Good-Faith Transition Relief from Penalties for Incorrect or Incomplete Information
The IRS also extended transition relief from penalties under IRC sections 6721 and 6722 to ALEs that can demonstrate that they made good-faith efforts to comply with the Form 1095-C reporting requirements under IRC sections 6055 and 6056 for 2017; both for furnishing to individuals and for filing with the IRS, and for both incorrect or incomplete information.
IRC section 6721 imposes a penalty for failing to timely file an information return or for filing an incorrect or incomplete information return. IRC section 6722 imposes a penalty for failing to timely furnish an information statement or furnishing an incorrect or incomplete information statement.
The IRS previously provided transition relief from penalties under IRC sections 6721 and 6722 to ALEs that could show that they made good-faith efforts to comply with the ACA information reporting requirements for 2015 and 2016. This relief applied only to incorrect and incomplete information, and not to the failure to furnish or failure to file Forms 1094-C/1095-C.
Notice 2018-06 extends this relief to 2017 Forms 1094-C/1095-C. ALEs will be eligible for relief from penalties under IRC sections 6721 and 6722 if they can show that they made good-faith efforts to comply with the reporting requirements, for incorrect or incomplete information, including missing and inaccurate Social Security numbers and dates of birth, as well as other required information. No relief is provided for failure to file or to furnish a statement by the due dates (as extended by Notice 2018-06).
In determining good faith, the IRS will take into account whether an employer or other coverage provider made reasonable efforts to prepare for reporting the required information to the IRS and furnishing it to employees and covered individuals, such as gathering and transmitting the necessary data to an agent to prepare the data for submission to the IRS or testing its ability to transmit information to the IRS. The IRS will also take into account the extent to which the employer is taking steps to ensure that it will be able to comply with the reporting requirements for 2018.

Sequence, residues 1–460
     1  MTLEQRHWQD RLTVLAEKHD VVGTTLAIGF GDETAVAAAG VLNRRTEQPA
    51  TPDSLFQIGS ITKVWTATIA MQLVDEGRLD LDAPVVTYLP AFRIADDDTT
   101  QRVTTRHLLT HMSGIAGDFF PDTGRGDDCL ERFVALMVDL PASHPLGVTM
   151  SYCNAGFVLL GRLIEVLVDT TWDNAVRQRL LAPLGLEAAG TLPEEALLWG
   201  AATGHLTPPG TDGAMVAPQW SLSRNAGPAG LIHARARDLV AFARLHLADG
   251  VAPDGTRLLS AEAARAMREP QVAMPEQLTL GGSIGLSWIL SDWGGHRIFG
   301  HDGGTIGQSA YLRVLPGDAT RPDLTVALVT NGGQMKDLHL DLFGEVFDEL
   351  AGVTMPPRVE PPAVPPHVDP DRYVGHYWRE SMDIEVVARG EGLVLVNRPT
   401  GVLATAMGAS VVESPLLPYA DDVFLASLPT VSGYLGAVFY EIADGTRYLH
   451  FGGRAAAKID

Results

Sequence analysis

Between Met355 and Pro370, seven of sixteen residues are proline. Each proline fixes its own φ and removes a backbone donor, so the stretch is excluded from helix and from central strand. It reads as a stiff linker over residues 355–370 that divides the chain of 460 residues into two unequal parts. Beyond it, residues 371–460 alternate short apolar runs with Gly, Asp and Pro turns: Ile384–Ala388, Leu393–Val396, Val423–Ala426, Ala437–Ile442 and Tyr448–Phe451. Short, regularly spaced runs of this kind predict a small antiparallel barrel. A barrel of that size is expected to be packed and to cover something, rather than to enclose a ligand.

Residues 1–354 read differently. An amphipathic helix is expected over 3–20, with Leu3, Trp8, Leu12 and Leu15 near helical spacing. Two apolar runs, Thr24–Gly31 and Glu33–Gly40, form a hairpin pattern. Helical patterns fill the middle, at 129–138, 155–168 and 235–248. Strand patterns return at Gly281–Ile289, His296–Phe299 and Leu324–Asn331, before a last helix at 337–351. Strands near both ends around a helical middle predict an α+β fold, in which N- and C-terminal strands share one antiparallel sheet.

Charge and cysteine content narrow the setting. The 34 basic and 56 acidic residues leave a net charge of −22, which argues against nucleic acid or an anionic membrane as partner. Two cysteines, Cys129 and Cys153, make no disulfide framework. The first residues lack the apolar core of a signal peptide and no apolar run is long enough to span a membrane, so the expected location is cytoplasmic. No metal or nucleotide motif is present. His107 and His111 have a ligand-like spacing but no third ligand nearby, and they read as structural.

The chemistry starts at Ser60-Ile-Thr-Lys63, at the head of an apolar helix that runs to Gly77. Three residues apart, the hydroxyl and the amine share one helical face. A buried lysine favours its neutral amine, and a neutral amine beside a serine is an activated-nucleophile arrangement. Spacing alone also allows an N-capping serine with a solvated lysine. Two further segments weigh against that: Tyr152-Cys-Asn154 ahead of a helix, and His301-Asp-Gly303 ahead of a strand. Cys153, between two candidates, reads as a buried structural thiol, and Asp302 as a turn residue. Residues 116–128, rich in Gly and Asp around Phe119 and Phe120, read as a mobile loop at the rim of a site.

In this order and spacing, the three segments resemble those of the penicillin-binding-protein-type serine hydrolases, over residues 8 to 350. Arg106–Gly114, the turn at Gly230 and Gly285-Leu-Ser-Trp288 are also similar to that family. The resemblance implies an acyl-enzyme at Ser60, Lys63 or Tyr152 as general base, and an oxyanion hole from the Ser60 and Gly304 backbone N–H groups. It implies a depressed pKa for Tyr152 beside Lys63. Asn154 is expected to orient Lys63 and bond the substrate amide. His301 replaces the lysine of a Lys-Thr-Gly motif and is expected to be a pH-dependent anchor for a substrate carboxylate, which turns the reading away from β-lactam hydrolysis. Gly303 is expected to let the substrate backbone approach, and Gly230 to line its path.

The extension of time for furnishing Forms 1095-C is only for 2017 and has no effect on future years. Treasury and the IRS do not anticipate extending transition relief to reporting for 2018.
ADP Compliance Resources
ADP maintains a staff of dedicated professionals who carefully monitor federal and state legislative and regulatory measures affecting employment-related human resource, payroll, tax and benefits administration, and help ensure that ADP systems are updated as relevant laws evolve. For the latest on how federal and state tax law changes may impact your business, visit the ADP Eye on Washington Web page located at www.adp.com/regulatorynews.
ADP is committed to assisting businesses with increased compliance requirements resulting from rapidly evolving legislation. Our goal is to help minimize your administrative burden across the entire spectrum of employment-related payroll, tax, HR and benefits, so that you can focus on running your business. This information is provided as a courtesy to assist in your understanding of the impact of certain regulatory requirements and should not be construed as tax or legal advice. Such information is by nature subject to revision and may not be the most current information available. ADP encourages readers to consult with appropriate legal and/or tax advisors. Please be advised that calls to and from ADP may be monitored or recorded.
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Updated on December 26, 2017